On the other hand, it is very important to be able to see the results of the students’ interaction with the system and modify the rules in real time. This is possible due to the huge number of online learners, based on whose performance the system can determine what works and what does not work thanks to the power of big data and analytics. It can also learn what behaviour patterns are the most effective. The use of AI also allows a holistic approach to learning covering aspects such as diagnosis, gaining theoretical knowledge and practical skills through exercises, as well as maintaining motivation and regularity. In addition, a virtual AI-based tutor is never tired, has no prejudices, and does not build student feedback based on a personal attitude towards a given student. Such a teacher is always available ready to respond to any change in a student’s behaviour, and capable of anticipating possible risks.

In NUADU, by creating an adaptive learning system with AI support, we endeavour to take into account all the mentioned advantages and disadvantages so as to create a perfect system that will be a great support for students and teachers alike. Therefore, the whole solution is planned to be reliant on something other than modern technology per se — namely. a plethora of scientific discoveries made in such fields as didactics, neurobiology, and psychology. We want to use what is most valuable in the most important theories of learning, such as Behaviourism, Cognitivism, and Constructivism. Our idea is to support the complex learning/teaching process via employing educational diagnosis, creating individual learning plans, gaining theoretical knowledge, and building practical skills. We also want to give students the opportunity to fill in the gaps in knowledge and skills and consolidate gained knowledge effectively.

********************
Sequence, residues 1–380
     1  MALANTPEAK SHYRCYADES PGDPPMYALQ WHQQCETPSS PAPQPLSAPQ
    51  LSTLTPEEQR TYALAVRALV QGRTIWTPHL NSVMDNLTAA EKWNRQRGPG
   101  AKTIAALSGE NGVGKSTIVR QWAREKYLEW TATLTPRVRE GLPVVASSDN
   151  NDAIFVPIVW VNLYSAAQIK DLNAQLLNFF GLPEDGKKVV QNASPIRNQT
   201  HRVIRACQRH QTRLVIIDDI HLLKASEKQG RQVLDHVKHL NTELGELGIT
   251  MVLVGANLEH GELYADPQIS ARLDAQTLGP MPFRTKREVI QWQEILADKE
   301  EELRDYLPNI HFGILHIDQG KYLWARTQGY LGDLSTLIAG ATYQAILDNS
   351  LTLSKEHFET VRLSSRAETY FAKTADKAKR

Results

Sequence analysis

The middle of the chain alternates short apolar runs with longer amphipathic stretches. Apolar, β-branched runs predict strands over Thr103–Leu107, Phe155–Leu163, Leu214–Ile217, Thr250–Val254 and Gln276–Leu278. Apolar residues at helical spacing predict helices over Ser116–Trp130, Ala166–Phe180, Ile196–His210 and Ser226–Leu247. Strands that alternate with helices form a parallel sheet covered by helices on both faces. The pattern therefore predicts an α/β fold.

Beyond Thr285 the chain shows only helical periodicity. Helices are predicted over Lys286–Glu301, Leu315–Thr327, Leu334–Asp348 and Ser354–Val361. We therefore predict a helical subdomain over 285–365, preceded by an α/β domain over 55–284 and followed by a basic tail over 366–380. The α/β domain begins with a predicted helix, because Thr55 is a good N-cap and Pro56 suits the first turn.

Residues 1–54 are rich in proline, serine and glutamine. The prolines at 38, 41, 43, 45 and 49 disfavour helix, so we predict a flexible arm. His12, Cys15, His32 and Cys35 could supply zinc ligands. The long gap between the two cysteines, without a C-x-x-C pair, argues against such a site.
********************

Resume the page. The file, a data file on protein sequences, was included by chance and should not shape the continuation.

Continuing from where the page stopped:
A system offering individualized learning paths for each student matching what they should learn at any given moment could be an ideal solution supporting learning and teaching, but what is the reality now? The truth is that such solutions are at an early stage of development, and though our knowledge about learning is growing, it is still in its infancy. Despite the fact that the future looks really promising, we still have to wait for it to come — most likely, for such a system to be created by NUADU.

Read More:

  2. Clark Quinn, Ph.D,
  3. Mitchell T., Machine learning, McGraw-Hill Companies, Inc., 1997
  6. Patsy Moskal, Donald Carter, Dale Johnson, 7 Things You Should Know About Adaptive Learning —

About the author

Wojciech Wiśniowski is a biotechnologist — with an emphasis on “technologist”. A tech geek, always happy to spend a fortune on state-of-the-art gear to stay ahead of the curve. A devoted product manager and product owner with over 10 years of professional experience in discovering the impact made by modern technology and the possibilities it offers in enhancing and facilitating the learning and teaching process. And he is always delighted to share his passion with others.